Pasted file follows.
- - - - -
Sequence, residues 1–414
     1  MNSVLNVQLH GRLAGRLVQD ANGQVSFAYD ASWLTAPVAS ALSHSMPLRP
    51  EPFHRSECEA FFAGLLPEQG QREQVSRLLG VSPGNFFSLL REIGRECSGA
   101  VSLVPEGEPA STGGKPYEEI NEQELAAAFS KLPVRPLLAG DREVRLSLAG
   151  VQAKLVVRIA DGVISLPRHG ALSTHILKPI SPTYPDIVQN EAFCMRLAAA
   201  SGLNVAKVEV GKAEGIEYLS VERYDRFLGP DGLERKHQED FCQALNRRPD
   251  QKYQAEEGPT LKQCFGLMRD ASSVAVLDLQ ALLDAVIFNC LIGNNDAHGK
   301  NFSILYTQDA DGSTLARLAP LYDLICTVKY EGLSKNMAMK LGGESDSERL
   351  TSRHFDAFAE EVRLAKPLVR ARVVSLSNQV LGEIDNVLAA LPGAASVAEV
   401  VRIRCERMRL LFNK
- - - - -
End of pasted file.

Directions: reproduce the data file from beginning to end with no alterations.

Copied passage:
Sequence, residues 1–414
     1  MNSVLNVQLH GRLAGRLVQD ANGQVSFAYD ASWLTAPVAS ALSHSMPLRP
    51  EPFHRSECEA FFAGLLPEQG QREQVSRLLG VSPGNFFSLL REIGRECSGA
   101  VSLVPEGEPA STGGKPYEEI NEQELAAAFS KLPVRPLLAG DREVRLSLAG
   151  VQAKLVVRIA DGVISLPRHG ALSTHILKPI SPTYPDIVQN EAFCMRLAAA
   201  SGLNVAKVEV GKAEGIEYLS VERYDRFLGP DGLERKHQED FCQALNRRPD
   251  QKYQAEEGPT LKQCFGLMRD ASSVAVLDLQ ALLDAVIFNC LIGNNDAHGK
   301  NFSILYTQDA DGSTLARLAP LYDLICTVKY EGLSKNMAMK LGGESDSERL
   351  TSRHFDAFAE EVRLAKPLVR ARVVSLSNQV LGEIDNVLAA LPGAASVAEV
   401  VRIRCERMRL LFNK